Designing high performance VHF/UHF receive systems – Part 5

Bringing it all together

This part explains how to build a model of the entire receive system to calculate G/T.

Firstly, make an inventory of all of the system elements that you intend to model.

A model needs to be no more detailed than is necessary to provide adequate accuracy for the purpose at hand.

You could build a model with an element for every identifiable loss or gain element, eg every coax connector, every coax adapter. Sure it will work, and it might be more accurate if you have accurate characteristics for all of the elements, but the uncertainty of just a few elements will tend to dominate the overall uncertainty and better to work on getting better accuracy on big-ticket items that including a large number of very small ticket items.

For example, if there is 20m of LMR-400 from the transmitter to the LNA, ignore the loss in coax connectors as it will be very small compared to the LMR-400 section and smaller than the uncertainty of your LMR-400 loss estimate anyway.

Some guidelines:

  • do include every element with more than  0.2dB of loss or gain;
  • don’t rely on old wives tales about element loss, use reliable data or measure it;
  • in the absence of receiver measurement, use the receiver specifications.

A G/T model for exploring configuration options


Above is a clip from a spreadsheet model that incorporates the formulas that make calculation of G/T a bit tedious.

In this case, the configuration is a very simple one. It comprises a IC-9100 transceiver with LMR-400 feed line to a single Yagi with 14dBi gain. External noise is entered as SkyNoise, and it is taken to be 1200K, a fairly quiet location for terrestrial operations on 144MHz.

The calculated G/T is -19.5dB/K, just 2.7dB shy of the ultimate G/T achievable for the given antenna gain and external noise with a lossless / noiseless receiver system.

Now everybody knows that better feed line makes a difference.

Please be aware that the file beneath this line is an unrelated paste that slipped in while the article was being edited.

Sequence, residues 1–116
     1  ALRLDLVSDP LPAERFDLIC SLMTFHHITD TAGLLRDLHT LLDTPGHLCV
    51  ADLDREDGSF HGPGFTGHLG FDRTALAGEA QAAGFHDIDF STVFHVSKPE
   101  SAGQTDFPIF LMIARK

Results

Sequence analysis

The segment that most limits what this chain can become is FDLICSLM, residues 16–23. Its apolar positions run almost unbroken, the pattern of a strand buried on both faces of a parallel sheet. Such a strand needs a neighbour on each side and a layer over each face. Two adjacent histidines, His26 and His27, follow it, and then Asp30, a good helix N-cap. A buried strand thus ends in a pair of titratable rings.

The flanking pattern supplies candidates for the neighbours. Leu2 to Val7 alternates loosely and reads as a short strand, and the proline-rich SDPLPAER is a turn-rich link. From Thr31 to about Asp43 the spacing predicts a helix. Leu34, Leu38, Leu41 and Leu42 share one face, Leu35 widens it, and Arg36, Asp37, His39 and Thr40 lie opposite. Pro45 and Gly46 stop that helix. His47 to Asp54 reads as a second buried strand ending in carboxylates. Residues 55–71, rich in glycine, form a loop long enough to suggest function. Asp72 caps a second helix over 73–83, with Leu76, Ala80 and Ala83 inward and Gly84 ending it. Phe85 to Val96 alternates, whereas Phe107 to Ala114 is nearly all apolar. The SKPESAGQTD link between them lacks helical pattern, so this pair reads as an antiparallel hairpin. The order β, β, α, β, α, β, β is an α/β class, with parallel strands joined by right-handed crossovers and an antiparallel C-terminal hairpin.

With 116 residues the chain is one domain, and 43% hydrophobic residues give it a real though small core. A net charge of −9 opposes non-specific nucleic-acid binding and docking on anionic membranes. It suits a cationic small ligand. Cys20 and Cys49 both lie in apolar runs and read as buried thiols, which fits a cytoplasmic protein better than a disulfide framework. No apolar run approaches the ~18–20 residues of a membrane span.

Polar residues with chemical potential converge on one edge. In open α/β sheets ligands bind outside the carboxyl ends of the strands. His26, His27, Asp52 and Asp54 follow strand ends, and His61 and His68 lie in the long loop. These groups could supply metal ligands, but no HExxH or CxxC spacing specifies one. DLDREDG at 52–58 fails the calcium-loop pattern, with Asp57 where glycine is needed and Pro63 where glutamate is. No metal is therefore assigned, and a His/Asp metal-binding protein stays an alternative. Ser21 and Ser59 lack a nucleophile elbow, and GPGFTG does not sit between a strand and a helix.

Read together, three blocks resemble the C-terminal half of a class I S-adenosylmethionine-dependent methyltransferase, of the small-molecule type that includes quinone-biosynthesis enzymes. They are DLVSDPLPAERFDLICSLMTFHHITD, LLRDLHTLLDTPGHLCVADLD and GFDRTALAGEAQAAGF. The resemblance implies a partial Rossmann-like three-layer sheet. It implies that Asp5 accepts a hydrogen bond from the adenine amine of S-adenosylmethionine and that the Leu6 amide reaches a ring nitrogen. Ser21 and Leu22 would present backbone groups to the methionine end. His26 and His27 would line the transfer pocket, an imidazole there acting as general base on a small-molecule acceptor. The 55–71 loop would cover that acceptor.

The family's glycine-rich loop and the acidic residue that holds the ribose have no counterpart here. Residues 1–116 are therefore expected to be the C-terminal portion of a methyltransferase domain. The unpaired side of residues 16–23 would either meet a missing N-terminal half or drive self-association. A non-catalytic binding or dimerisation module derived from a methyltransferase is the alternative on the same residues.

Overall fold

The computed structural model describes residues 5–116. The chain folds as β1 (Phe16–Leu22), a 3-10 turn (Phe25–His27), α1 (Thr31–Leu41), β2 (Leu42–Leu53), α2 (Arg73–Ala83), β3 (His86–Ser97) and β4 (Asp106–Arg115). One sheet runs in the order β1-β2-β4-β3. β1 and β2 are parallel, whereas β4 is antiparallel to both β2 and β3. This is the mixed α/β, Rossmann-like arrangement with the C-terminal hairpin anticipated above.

Above is the model changed to include LDF4-50 for most of the run, and some sections of LMR-400 and LMR-400UF around the rotator and to the feed point.

This has improved things, G/T is now -19.2dB/K. 0.3dB better so S/N on weak signals will also be 0.3dB better. But note that although feed line loss was reduced by 0.5dB, S/N has improved by only 0.3dB.

Looking at the contribution to percentage of total noise, the IC-9100 contributes 38.4% so it is an obvious target for improvement. Lets put a LNA with Gain=25dB and NF=0.8dB right next to the IC-9100.


Now that has made a difference, a small difference in absolute terms but a relatively large difference in terms of the 2.4dB shortfall in the previous configuration, we have reduced the shortfall to 0.5dB and improved S/N by 1.9dB. That might seem a small achievement for a 25dB gain, 0.8dB NF LNA… but that is the way it works.

So, in pursuit of further improvement, total feed line noise contribution is 5.5% and a target for improvement.

Lets relocate the LNA between the main rotator loop and antenna tail.


Now we have improved G/T a further 0.2dB.

Although the experts would tell you that a masthead LNA is better than a local LNA, and it is, you might question the disadvantages of masthead location against the improvement of just 0.2dB in G/T or S/N in this scenario.

But. let’s be obsessive. The largest remaining internal noise contribution is the LNA, let’s replace it with a 0.4dB NF and 18dB gain.


Hmmm, that is 0.1dB better G/T although some might view that the new LNA is ‘twice as good’ by specification. The issue now is that the 1.1% contribution of noise on the receiver side of the LNA is now a relatively large part of internal noise, and it can be reduced with more LNA gain… so let’s try a two stage LNA with 0.4dB NF and 33dB gain.


Aha, we are within 0.1dB of ultimate for this antenna and external noise, we have won 0.1dB G/T or S/N improvement.

This might seem outstanding, it is obsessive, and it is probably a bit dumb as several steps back, we should have considered a better antenna.


The models explored above are specific to the scenario modelled, it is unsafe to try to draw generalised conclusions from those results.

The models also assume linear systems, systems where IMD effects are insignificant. If you have significant IMD effects, fixing those would usually be the most productive first step.

The outcomes for EME scenarios will be different to terrestrial scenarios, different from band to band, different for changed feed line configurations, available components etc.


  • Duffy, O. 2001. RF Transmission Line Loss Calculator (TLLC). (offline).
  • ———. 2006. Receiver sensitivity metric converter. (offline).
  • ———. 2006b. Effective use of a Low Noise Amplifier on VHF/UHF. (offline).

Designing high performance VHF/UHF receive systems – Part 6